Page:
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    Tall buildings conference covers connectivity and density

    Branko Miletic

    The recent (Sydney) leg of the Council on Tall Buildings and Urban Habitat (CTBUH) 2017 international conference covered a wide range of industry issues over the two-day program, which culminated in the plenary session on the evening of 31 October.

    The overarching theme of CTBUH 2017 is ‘Connecting the City: People, Density & Infrastructure’, a theme underpinned by the main keynote, delivered by Philip Vivian, design director of architectural firm Bates Smart. 

    While the CTBUH 2017 conference presenters examined issues far beyond tall buildings, the main debate was angled towards how skyscrapers can become “connectors” in the city, and as such, the talks embraced a range of built environment disciplines from urban planning to cost consulting, architectural design to vertical transportation, real estate development as well as a number of engineering concepts.

    These concepts were presented by a number of local and international speakers such as Copenhagen’s Kim Nielsen, founder and principal of 3XN, who looked at the relationship between humans and our vertical built environment rise with his presentation, Quay Quarter Tower; Humanizing the High Rise.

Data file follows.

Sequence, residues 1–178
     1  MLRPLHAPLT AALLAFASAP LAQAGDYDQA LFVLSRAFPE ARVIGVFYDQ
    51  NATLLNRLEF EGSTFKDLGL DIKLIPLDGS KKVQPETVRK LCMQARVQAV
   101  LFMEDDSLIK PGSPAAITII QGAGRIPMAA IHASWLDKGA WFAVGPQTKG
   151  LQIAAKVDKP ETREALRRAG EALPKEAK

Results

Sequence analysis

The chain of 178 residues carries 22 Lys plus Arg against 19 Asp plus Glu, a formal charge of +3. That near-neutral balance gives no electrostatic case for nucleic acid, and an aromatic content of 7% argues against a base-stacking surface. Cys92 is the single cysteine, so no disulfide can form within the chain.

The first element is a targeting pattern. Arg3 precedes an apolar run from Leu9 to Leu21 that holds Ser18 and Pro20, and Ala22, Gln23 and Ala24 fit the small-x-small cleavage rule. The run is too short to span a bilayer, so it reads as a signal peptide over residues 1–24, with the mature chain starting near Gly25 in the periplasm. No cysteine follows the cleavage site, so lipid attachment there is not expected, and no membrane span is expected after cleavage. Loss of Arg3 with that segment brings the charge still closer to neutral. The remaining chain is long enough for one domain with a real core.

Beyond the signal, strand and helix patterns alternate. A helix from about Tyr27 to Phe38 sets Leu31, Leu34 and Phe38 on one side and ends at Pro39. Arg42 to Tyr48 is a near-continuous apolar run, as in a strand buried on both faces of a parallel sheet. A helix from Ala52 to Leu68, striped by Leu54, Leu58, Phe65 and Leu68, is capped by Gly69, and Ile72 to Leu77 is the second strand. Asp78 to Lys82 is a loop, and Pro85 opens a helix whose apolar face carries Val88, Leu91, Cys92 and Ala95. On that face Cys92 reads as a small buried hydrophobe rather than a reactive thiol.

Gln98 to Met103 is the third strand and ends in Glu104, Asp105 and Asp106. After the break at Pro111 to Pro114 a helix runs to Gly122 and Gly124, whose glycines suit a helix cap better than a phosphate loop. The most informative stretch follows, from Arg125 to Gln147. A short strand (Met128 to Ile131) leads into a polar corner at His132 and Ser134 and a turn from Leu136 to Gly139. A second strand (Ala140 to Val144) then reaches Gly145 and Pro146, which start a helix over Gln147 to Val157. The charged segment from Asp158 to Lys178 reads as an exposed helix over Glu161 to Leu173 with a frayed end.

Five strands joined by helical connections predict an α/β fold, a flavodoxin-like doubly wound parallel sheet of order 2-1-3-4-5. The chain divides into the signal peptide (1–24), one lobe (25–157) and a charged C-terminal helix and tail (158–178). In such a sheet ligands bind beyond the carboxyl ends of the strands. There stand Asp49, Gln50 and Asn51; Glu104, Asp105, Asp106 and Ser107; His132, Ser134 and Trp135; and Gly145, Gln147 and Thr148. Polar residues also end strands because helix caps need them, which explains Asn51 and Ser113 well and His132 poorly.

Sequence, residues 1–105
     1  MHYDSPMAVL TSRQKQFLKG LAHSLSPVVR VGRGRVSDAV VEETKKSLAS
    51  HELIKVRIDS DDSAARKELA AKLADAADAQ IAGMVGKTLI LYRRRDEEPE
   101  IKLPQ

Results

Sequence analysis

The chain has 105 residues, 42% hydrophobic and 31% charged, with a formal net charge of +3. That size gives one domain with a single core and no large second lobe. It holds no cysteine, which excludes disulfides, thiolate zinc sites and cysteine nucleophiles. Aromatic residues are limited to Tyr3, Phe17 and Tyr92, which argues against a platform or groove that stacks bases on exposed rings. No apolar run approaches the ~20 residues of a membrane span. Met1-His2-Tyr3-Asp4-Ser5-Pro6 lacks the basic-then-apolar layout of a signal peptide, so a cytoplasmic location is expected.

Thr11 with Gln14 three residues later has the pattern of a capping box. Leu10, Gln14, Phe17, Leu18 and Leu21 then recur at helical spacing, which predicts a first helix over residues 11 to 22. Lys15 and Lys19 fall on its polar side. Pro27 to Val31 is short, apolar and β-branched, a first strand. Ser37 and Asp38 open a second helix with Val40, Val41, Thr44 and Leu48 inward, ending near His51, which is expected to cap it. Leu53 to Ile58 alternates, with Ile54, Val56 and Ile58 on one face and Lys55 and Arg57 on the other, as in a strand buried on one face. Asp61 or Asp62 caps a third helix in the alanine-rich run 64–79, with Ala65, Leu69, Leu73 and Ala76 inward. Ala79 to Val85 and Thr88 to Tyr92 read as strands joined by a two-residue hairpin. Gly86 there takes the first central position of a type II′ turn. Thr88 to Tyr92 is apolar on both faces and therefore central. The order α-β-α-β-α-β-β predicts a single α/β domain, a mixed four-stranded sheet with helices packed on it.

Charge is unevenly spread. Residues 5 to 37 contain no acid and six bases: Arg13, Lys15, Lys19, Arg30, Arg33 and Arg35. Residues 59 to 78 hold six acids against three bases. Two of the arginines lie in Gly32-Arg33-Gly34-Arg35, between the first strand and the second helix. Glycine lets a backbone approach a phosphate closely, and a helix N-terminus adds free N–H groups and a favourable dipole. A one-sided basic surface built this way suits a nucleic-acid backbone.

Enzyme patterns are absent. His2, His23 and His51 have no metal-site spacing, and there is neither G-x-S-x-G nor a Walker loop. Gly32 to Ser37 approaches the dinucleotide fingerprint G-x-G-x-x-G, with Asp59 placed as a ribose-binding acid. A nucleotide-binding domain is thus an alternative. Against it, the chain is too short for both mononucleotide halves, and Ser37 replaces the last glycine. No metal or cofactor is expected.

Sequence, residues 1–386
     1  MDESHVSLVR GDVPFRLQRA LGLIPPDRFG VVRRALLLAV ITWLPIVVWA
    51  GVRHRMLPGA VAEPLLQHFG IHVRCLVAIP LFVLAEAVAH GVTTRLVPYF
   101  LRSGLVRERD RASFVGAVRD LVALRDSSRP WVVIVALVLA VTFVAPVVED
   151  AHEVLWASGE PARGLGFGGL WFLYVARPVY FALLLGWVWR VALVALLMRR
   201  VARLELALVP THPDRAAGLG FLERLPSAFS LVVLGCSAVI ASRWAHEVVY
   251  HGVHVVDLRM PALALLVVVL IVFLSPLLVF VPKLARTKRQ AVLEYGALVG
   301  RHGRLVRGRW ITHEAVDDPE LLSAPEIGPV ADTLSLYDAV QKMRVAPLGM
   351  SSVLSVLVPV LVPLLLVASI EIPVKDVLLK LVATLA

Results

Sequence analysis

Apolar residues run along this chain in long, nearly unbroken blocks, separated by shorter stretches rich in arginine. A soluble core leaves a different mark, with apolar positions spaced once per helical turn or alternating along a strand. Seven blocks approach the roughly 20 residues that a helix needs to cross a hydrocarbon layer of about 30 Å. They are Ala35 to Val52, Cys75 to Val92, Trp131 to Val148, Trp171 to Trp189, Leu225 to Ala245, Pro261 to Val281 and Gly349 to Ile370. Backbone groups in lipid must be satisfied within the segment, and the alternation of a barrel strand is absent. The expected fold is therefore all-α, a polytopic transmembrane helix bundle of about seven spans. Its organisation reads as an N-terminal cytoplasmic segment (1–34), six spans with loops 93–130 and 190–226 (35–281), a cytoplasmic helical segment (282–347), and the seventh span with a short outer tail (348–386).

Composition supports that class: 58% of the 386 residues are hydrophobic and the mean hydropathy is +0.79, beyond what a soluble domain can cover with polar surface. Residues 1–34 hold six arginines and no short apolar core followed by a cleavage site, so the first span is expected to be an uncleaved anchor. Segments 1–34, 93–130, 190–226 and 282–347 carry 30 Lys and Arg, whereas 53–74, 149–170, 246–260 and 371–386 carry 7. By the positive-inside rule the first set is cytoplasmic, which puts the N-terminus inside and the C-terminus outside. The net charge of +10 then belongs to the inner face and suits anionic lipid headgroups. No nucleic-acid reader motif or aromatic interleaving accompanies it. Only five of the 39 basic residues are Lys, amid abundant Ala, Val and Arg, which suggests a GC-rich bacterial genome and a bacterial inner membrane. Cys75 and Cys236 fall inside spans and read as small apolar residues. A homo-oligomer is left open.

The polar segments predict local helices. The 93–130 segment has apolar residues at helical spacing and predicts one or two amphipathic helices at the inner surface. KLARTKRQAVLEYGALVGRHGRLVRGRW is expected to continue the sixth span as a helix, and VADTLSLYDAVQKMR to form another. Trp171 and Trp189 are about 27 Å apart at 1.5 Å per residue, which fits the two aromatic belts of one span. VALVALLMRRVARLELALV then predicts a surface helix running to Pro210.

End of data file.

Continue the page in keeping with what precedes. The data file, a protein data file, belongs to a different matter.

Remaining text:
Nielsen’s presentation dovetailed neatly with Foster+ Partners Gerard Evenden’s Circular Quay office tower talk.

    The sustainability of tall buildings was also covered in-depth by Make founder Ken Shuttleworth, while a talk by CEO of the City of Sydney Monica Barone on the Sustainable Sydney 2030 Plan tied in to the concepts presented by earlier speakers.

    A range of sub-themes that highlighted the breadth of issues that influence the building and maintenance of our growing list of tall buildings were also looked at by the speakers and included future-oriented urban response to mass urbanisation; climate change; environmental degradation; technical innovations, the Internet of Things, connecting multiple layers of the city, office wellness, air quality and wind noise minimisation in tall buildings.

    According to the organisers, across the three geographic venues - Sydney, Melbourne and Brisbane, 1200 delegates from 44 countries and 450 companies from around the globe will end up convening in order to listen to 246 experts presenting topics ranging from transit-oriented development to the future of the work place.

    The CTBUH 2017 conference will conclude in Brisbane on November 3.

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